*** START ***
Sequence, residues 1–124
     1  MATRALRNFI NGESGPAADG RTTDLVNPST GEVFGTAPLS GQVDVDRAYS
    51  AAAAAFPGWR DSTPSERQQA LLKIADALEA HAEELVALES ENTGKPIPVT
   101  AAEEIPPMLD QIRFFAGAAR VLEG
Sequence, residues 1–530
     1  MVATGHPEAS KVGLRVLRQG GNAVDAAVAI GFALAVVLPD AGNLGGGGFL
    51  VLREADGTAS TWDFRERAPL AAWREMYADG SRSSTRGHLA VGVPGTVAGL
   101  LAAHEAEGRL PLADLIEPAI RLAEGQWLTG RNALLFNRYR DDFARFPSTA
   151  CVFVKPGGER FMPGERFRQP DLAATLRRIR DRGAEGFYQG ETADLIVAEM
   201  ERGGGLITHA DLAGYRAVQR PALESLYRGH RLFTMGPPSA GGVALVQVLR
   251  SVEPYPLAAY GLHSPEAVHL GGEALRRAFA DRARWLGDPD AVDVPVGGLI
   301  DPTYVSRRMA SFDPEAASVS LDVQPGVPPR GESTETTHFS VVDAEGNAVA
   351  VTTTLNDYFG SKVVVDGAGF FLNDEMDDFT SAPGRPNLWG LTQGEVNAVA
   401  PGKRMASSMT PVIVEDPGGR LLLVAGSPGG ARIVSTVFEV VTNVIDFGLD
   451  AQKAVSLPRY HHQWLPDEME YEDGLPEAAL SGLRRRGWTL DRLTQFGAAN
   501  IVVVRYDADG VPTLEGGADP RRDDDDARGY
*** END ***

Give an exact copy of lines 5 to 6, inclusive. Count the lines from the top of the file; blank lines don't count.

Sequence, residues 1–530
     1  MVATGHPEAS KVGLRVLRQG GNAVDAAVAI GFALAVVLPD AGNLGGGGFL